The following is an excerpt from a story originally published by UVA Today. Click here to read the full story.
Searching for the key genes responsible for the formation of the human heart. Developing artificial intelligence technologies to help in high-stakes decision-making. Using rapidly renewable materials such as bamboo, grasses and invasive plant species in sustainable design.
Recruiting and retaining the very best researchers, teachers and mentors to the University of Virginia are among the top initiatives in the institution’s Great and Good 2030 Plan and align with recommendations of the 2020 Racial Equity Task Force, which emphasizes UVA’s commitment to broadening and strengthening excellence and the diversity of the faculty. Recently hired faculty members are already beginning to bolster UVA’s capabilities in the strategic priority areas outlined in the plan: democracy, environmental resilience and sustainability, precision medicine, the brain and neuroscience, and digital technology and society.
“These faculty are exceptional, as teachers, scholars, clinicians and mentors,” UVA Executive Vice President and Provost Liz Magill said. “They are powerhouses, each and every one, and bring with them the intellectual breadth, diversity, creativity and commitment to serve in all that they do that are the hallmarks of UVA at its best. Their contributions will propel UVA forward in the years to come, and help us fulfill President Jim Ryan’s aspiration to be both great and good.”
Swift, associate professor in the School of Education and Human Development’s Department of Kinesiology, received his Ph.D. from UVA in 2010 and returned this summer after working at East Carolina University. He completed an NIH postdoctoral training at Pennington Biomedical Research Center in Preventive Medicine in 2013.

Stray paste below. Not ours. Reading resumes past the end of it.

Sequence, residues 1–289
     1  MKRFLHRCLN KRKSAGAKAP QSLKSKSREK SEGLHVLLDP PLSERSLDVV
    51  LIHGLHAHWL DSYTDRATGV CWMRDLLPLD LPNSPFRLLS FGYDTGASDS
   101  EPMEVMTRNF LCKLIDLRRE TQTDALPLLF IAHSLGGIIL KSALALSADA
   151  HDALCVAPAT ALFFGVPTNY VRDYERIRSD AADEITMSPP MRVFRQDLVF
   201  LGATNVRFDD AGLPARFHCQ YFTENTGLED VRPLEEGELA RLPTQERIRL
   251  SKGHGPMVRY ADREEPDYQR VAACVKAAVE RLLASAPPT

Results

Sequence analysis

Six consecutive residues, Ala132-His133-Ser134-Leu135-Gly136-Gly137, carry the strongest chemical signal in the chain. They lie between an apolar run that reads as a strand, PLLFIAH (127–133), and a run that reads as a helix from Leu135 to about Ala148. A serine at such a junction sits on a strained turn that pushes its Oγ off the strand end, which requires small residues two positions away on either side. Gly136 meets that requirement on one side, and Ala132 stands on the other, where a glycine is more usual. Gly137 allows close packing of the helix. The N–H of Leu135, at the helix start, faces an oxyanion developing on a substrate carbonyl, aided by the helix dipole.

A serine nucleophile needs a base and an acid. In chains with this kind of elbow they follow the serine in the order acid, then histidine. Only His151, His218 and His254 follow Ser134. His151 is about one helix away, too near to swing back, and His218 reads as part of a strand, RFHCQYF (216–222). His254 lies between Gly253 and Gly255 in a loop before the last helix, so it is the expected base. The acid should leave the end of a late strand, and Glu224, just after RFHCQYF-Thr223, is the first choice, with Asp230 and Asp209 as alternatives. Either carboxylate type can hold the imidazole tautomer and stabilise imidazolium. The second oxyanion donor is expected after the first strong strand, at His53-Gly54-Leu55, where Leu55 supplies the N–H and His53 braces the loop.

Swift’s primary research interest is evaluating the effect of different exercise training programs on cardiovascular and diabetes risk factors. He is particularly interested the impact of exercise on weight loss, weight maintenance and risk factors for heart disease in obese and health disparity populations, he wrote in email. His research has been funded by the National Institutes of Health and the American Heart Association.
He’s teaching exercise interventions for chronic disease this semester.
Swift said as a UVA alum, he’s excited about watching UVA sports, enjoying the area’s restaurants and hiking. “I look forward to professionally being able to establish a research program looking at weight loss and how to help people better maintain weight loss,” he wrote in email.